I recently wrote a (hopefully) accessible article to illustrate the problem to a non-technical audience in the context of time series forecasting: Kolassa (2016). "Sometimes it's better to be simple than correct", Foresight, 40:20-26.
I start by simulating 10,000 monthly time series of length 12 with a known but weak seasonality. The seasonality is easily visible when aggregating data:
However, it is invisible in disaggregate data, e.g., in the first five of the 10,000 series:
Now, assume that we fit two models to each separate series, a misspecified simple one using only the intercept,
$$y_t = \beta_0+\epsilon,$$
and a correct regression model regressing simulated sales on the (known and common) seasonal effects,
$$y_t = \beta_0+\beta_1 s_t+\epsilon.$$
Here are one year ahead forecasts for the first five series from the two models:
We see that the seasonal shape is sometimes upside down, simply because of the noise in the simulated series.
Here are mean squared errors for both models per holdout month:
We see that the misspecified simpler model always has lower errors than the correctly specified more complex one.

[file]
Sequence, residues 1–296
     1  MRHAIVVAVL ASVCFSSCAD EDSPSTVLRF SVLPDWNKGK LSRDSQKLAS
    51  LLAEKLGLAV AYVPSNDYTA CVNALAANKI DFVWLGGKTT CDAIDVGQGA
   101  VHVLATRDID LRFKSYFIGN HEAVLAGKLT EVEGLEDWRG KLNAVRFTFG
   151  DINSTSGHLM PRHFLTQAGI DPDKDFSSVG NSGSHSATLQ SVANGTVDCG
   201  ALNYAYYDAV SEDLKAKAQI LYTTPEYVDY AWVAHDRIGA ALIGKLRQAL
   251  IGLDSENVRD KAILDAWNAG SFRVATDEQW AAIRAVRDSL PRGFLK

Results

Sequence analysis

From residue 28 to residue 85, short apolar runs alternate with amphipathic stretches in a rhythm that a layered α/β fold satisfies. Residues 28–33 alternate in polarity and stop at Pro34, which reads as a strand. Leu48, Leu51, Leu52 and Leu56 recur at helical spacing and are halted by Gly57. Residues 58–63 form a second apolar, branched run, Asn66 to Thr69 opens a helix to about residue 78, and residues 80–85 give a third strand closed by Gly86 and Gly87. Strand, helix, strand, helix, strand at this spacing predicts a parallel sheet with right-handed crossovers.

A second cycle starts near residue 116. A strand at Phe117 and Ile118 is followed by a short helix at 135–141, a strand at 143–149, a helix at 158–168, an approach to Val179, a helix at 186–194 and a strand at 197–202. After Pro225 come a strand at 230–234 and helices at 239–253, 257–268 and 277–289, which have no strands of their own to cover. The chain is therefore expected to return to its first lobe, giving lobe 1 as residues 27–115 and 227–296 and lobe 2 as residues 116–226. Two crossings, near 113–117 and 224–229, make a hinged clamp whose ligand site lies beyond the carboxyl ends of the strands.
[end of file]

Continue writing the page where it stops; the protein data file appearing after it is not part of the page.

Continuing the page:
Finally, here is the connection to bias and variance - these are violin plots of the parameter estimates for both models across the 10,000 series (the dashed line indicates the true parameter values):
We notice that the correct model (of course) yields estimates that are unbiased, i.e., they are distributed around the true value. Conversely, the simpler misspecified model has biased parameter estimates: the intercept is on average too high, and the seasonal coefficient is biased low (because it doesn't occur in the model, so it's implicitly always zero, when the true value is one).
However, the key point is that the correct model's parameter estimates are far more variable, i.e., their violin plots are spread out a lot more than the corresponding violin plots in the misspecified simple model. And this variance in parameter estimates directly translates into higher forecasting MSEs (whereas the lower bias will reduce MSEs).
The bottom line is that when we are interested in forecasting or prediction, we shouldn't only care about the bias of our parameter estimates, but also about their variance. A larger model will (usually) have lower bias, but higher variance, and especially when we fit weak signals with little data, the higher variance may lead to larger forecasting errors. Shrinkage may help, by increasing bias, but reducing variance, hopefully in a way that total error is reduced.